I was pretty much homeless at 16, moving out from my guardian's protective home to my (divorced) parents homes, then later to rented rooms and apartments when I don't feel belonged or accepted. I worked at a young age, but am always lucky to be surrounded with good people/housemates around me all the time. I couldn't continue my education like my peers because I had no financial support. I moved to K.L soon after turning 19 to look for my natural mom but it didn't work out either. Work in the theatre kept me busy and focussed and again I was lucky to have had the opportunity to make a living even though I remembered there were times my housemates "donated" an egg or so for my meal that day. It became my favourite, fried egg sandwich. I went through a lot those years in my early 20s and perhaps that hard life also prevented me from having the "normal experimental" phase that young adults my age should be having. Most of my friends were older, so they had already finished college and working in their field. College was a far fetched dream. But grew up I did. I stayed out of trouble and immersed myself in my work and passion at that time. At 21 or so, I returned to Singapore to continue my studies with my hard earned money from a big job in K.L. With the support, encouragement and a roof over my head by my dear aunt, who has always had my back even when no one else did. Her only condition was that I attend a religious class. That was how I ended up at Darul Arqam's Beginners Orientation Class for Islam.
Pic of me at 19, leaving Singapore for K.L, sent off by close friends
This wasn't going to be an autobiography but the story I told you should give an idea how difficult being an outcast can be. I was different from the other kids at school since I started going there at 7. Growing up without parents like the other kids caused any erratic or rebellious behaviour on my part to be stereotyped as a "problematic child". It doesn't matter if my crime was bad handwriting, forgetting to hand in homework, my nails were too long or that my school-shirt was tucked out too much. I was already designed to fail. But I was a thinker, ponderer, reflecting every event in my life no matter how small. I question a lot, and for those questions that had no answers - I started writing them in diaries because it's the only space I could talk to without being judged or reprimanded. Many things did not make sense to me, the idea of God or submission to religion was too far away from my interest at that time, but I knew He exists. I talk to him all the time, sometimes making "deals" with God, if I passed an exam, I'll start praying... well, that didn't happen. I continued to be busy chasing the idea of success (unsuccessfully I might add) that everybody was talking about. It started with capital letter "M" for Money. It seems that without Money, one can be homeless, hungry and labelled a scum of society. My choice of career at that time wasn't helping much, as theatre/tv work wasn't paying the bills either.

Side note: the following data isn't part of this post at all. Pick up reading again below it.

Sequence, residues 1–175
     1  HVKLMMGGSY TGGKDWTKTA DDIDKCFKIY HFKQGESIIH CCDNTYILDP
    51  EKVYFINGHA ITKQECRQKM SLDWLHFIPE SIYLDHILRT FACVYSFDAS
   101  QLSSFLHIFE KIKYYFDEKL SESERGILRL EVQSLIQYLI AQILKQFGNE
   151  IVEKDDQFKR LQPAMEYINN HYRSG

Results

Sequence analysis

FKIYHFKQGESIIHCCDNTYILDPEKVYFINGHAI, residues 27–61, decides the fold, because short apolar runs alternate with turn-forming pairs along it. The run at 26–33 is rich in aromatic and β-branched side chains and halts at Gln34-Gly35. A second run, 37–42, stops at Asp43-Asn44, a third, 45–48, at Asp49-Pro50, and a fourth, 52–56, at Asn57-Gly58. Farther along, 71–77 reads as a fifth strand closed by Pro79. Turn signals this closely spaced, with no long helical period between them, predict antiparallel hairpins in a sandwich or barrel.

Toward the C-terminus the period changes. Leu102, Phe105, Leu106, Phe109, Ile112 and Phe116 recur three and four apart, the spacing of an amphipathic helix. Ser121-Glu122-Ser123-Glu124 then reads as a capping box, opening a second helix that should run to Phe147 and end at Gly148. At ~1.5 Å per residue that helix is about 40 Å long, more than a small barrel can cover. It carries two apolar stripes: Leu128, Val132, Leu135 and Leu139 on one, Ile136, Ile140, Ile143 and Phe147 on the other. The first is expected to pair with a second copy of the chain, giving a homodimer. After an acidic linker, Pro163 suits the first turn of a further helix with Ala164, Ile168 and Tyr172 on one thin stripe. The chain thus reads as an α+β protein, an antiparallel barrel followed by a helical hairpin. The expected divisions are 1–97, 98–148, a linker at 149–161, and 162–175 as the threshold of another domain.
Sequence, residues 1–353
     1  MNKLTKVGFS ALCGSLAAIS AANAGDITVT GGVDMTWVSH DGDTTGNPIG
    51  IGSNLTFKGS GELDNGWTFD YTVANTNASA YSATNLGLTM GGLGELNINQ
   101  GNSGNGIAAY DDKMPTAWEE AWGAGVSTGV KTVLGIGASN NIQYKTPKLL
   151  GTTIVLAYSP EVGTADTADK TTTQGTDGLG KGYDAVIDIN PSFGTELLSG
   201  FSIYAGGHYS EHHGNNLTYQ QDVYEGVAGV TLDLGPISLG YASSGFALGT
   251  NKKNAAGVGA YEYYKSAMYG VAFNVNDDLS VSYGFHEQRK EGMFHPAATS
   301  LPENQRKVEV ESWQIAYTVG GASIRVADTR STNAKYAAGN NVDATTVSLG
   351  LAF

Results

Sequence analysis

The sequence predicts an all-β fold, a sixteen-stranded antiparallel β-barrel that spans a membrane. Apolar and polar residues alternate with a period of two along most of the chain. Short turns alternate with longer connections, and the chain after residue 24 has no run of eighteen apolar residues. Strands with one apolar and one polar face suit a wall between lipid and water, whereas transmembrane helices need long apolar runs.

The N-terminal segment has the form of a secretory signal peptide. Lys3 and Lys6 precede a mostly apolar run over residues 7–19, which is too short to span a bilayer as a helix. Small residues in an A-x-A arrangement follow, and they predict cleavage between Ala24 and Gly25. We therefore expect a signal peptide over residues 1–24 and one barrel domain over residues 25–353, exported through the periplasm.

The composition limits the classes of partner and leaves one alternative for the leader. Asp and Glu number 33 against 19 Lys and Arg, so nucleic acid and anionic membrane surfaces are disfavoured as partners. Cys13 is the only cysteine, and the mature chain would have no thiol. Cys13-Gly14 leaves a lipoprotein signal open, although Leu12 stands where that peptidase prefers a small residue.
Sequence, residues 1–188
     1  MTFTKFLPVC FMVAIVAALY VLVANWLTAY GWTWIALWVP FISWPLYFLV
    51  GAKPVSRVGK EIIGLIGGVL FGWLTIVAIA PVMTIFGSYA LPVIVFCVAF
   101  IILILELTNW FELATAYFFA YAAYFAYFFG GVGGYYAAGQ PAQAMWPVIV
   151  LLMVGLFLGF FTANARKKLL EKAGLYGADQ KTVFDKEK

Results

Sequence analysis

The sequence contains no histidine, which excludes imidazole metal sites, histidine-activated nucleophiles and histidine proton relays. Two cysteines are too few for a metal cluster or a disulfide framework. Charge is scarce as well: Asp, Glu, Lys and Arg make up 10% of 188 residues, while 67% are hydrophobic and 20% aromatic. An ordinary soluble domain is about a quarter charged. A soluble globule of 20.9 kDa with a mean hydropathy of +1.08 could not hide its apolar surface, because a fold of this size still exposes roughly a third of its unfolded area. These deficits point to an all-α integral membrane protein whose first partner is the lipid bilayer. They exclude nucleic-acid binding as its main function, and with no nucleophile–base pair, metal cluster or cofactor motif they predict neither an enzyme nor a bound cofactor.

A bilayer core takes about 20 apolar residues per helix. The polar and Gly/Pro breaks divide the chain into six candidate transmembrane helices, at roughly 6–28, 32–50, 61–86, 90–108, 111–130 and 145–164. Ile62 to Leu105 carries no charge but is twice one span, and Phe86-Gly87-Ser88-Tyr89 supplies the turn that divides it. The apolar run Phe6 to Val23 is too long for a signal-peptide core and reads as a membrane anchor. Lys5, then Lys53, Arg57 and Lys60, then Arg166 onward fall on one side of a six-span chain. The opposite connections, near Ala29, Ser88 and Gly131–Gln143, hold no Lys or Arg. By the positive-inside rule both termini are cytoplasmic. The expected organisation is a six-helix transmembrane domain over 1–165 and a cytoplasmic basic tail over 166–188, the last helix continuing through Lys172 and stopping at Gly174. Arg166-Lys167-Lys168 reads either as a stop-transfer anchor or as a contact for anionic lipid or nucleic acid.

Fast forward year 2002 : It was not an easy journey, learning about Islam at a somewhat late age. I didn't have the basics and barely could read a letter. Quran was too difficult to read, what more to understand. But learning it gave me a renewed sense of purpose. At the class I attended, I noticed there are several others who were much older than me who was also only just learning to read. There was a sense of calmness and peace every time I go to classes to seek knowledge. Even the teachers are so soft spoken and their faces seem to glow.